Eleven seasons and counting. The Royal Challengers Bangalore slogan “Ee Saala Cup Naamde”, or “This year the cup is ours”, is quickly gaining notoriety. The team, despite its bevy of headliners – including Virat Kohli and AB de Villiers, arguably the best cricketers of this generation – continues to struggle.
Years have passed. Auctions have come and gone. RCB, though, just can’t figure out a way snap the drought. As they slumped to a 30-run loss to Rajasthan Royals in their final league game of the season, the reason for their perennial shortcomings got a little clearer.
In fact, it was skipper Kohli who seemed quite sure of where it all seems to go wrong for the side.
“The responsibility cannot be taken up only by AB all the time. He certainly scored runs, but others need to contribute around him,” the 29-year-old said.
Kohli can safely add his own name next to de Villiers’s. With 530 runs in 14 games, Kohli is the team’s highest run-getter. With 480 runs, his South African teammate is a close second. The next highest scorer is Mandeep Singh with just 252 runs, nearly half their tally.
Through the season, the highlights of most games involving RCB have been individual performances by the two stalwarts.
While top-order batsmen like Quinton de Kock and Parthiv Patel chipped in with runs from time to time, they were never really match-defining knocks. Mandeep too wasn’t as effective despite is relatively high run tally.
Not just in terms of numbers, it isn’t hard to believe that Kohli and de Villiers harp most of the attention when RCB is playing. Once the chants of “Kohli..Kohli” or even “ABD...ABD” start ringing through, there’s little attention given to others.
Early in the season, it was Kohli who led RCB’s charge with some eye-catching batting performances. The bowling department drew a lot of flak at the time as the team would invariably concede a truck-load of runs in the death overs.
Over the course of the season, the likes of Tim Southee and Mohammad Siraj found their bearings and began rectifying their wayward ways in the crucial stage between overs 15-20.
While the bowlers pulled their socks up, de Villiers also found his impervious form. After recovering from a bout of flu, the South African star was up to what he does best – dominating the opposition.
With an improved bowling performance and ABD up and about, RCB found a new lease of life following a sorry start to the campaign. They registered three wins on the trot to even stay in contention for a playoff berth.
On Saturday, though, the one shortcoming that had been swept under the carpet amid the Kohli-ABD show was left exposed at the most inopportune moment, as RCB chased victory in their final league game of the tournament.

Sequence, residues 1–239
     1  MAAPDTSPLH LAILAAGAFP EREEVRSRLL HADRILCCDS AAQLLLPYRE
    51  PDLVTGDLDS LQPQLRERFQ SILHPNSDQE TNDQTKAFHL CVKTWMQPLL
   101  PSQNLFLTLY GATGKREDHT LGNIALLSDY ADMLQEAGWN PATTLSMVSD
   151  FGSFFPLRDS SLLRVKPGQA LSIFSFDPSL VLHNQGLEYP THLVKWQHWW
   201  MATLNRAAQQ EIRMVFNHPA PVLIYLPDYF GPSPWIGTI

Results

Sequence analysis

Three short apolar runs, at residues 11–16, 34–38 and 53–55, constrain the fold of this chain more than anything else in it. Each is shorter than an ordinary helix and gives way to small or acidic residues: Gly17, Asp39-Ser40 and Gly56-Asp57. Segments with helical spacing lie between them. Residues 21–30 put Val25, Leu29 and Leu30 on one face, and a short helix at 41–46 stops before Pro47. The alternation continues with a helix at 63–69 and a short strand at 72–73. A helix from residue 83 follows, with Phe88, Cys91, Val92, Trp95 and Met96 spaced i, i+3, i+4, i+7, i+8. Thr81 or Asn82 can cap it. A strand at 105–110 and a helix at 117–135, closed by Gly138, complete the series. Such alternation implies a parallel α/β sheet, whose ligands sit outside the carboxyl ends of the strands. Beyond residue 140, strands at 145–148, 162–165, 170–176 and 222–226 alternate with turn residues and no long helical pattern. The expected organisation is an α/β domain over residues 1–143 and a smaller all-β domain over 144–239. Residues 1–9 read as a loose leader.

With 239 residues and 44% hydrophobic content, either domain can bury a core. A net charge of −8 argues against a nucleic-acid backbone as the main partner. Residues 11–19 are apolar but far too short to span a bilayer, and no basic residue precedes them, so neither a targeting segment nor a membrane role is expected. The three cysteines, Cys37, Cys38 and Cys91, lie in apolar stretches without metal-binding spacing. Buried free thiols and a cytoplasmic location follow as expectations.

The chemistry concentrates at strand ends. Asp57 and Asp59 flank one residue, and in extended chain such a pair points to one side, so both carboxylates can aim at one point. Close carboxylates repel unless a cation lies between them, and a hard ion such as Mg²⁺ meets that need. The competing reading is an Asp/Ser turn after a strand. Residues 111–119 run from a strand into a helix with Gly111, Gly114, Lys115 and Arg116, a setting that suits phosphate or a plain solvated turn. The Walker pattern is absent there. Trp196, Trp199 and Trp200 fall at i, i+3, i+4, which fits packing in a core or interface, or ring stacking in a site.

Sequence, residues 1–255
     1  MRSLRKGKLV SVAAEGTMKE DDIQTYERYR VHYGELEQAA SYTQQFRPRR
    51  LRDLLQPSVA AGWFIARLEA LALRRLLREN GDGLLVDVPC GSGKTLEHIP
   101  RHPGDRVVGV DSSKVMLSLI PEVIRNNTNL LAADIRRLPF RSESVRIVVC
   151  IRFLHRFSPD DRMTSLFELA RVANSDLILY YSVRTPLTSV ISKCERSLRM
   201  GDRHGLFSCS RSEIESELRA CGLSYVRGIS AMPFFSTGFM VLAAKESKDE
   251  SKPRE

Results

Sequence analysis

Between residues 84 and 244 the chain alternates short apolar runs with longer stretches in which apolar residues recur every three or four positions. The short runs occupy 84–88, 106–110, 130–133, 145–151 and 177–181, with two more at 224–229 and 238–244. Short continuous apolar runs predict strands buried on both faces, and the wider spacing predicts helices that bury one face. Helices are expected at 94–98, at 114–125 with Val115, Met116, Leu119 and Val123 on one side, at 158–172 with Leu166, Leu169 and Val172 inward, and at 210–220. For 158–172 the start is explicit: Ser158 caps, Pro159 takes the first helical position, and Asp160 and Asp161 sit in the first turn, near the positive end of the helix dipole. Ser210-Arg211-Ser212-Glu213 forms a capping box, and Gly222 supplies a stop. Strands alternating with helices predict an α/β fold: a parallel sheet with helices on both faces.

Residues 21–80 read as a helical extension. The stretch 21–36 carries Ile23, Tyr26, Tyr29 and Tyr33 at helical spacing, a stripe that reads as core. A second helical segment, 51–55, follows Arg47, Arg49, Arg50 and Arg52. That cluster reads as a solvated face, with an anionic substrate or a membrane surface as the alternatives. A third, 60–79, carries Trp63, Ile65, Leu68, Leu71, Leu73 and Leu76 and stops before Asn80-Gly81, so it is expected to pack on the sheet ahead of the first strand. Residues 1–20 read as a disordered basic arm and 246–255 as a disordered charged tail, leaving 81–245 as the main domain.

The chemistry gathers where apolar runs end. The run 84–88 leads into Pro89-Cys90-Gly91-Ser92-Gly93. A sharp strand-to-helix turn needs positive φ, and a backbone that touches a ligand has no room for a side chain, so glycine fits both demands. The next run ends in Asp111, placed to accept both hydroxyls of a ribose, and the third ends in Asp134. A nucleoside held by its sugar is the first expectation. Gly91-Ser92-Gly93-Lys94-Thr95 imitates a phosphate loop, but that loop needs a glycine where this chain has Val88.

Kohli departed early on Saturday. De Villiers was once again up to the task and delivered with a fine half-century. But, as has been a trend, he received little support from the middle and lower-order.
Mandeep, Moeen Ali, Manan Vohra were tried in various positions through the season, but could not quite make an impact. Ali’s half-century against Sunrisers Hyderabad last week was his first in the five games he has played this season.
“We wanted to strengthen the middle-order which hasn’t happened. It hasn’t been our strength and we need to do that going into the next few seasons,” Kohli said at the post match presentation.
After choosing to ignore big-hitter Chris Gayle in the auction, it appeared that RCB were banking on veteran international star Brendon McCullum to shore up the batting. However, with just two 30-plus scores in the tournament, the Kiwi has been a shadow of himself.
With a spate of bad results early in the season, the team management chose to change the line-up around in nearly every game. No player ever got a fixed slot. Kohli and De Villiers themselves moved up and down the order for the benefit of the team. Kohli jumped between the opening slot and in the middle-order a number of times. De Villiers too had started out batting at No 5, but soon moved up the order as the season progressed.
The constant shuffling of the batting order might not have fazed Kohli and De Villiers much, but it clearly did not help the others settle or even get a run of scores under their belt.
The biggest impact of these changes was felt on Saturday. RCB had staged a dramatic comeback to stay in contention for a playoff berth. The momentum was on their side. Moeen’s performance against Sunrisers had raised hopes for Kohli and the team management that they had finally found the missing cog in their stuttering machine.
However, with a turning track on offer and a determined opposition testing them, the task was not going to be an easy one.
Kohli opened the innings with Parthiv, while De Villiers came one down after the skipper’s early exit. Not only did they falter, it was the manner in which they did that was revealing.
At 75/1, RCB were not really struggling. The wicket prompted a collapse from the other batsmen. De Villiers, meanwhile, was trudging along well at the other end and went onto notch up another half-ton. At the other end, though, wickets kept tumbling as batsman after batsman failed to apply themselves.
Eyebrows were raised even before the season began, when the team management used one of its retention cards to keep youngster Sarfaraz Khan on their roster. The Mumbai-lad seemed to have buckled under the weight of expectations and had a forgettable season. After ten years of going without a title, the auction provided an ideal refresh button, but the opportunity was clearly botched up.
A better strategy and game plan are a need of the hour for the RCB management. The situation fails to improve. Year after year, fans are being let down. It is the management that needs to reflect on their game-plan. They owe it to the fans and to their mainstays Kohli and De Villiers, who are clearly did all that they could. The responsibility does not lie with Kohli and De Villiers alone.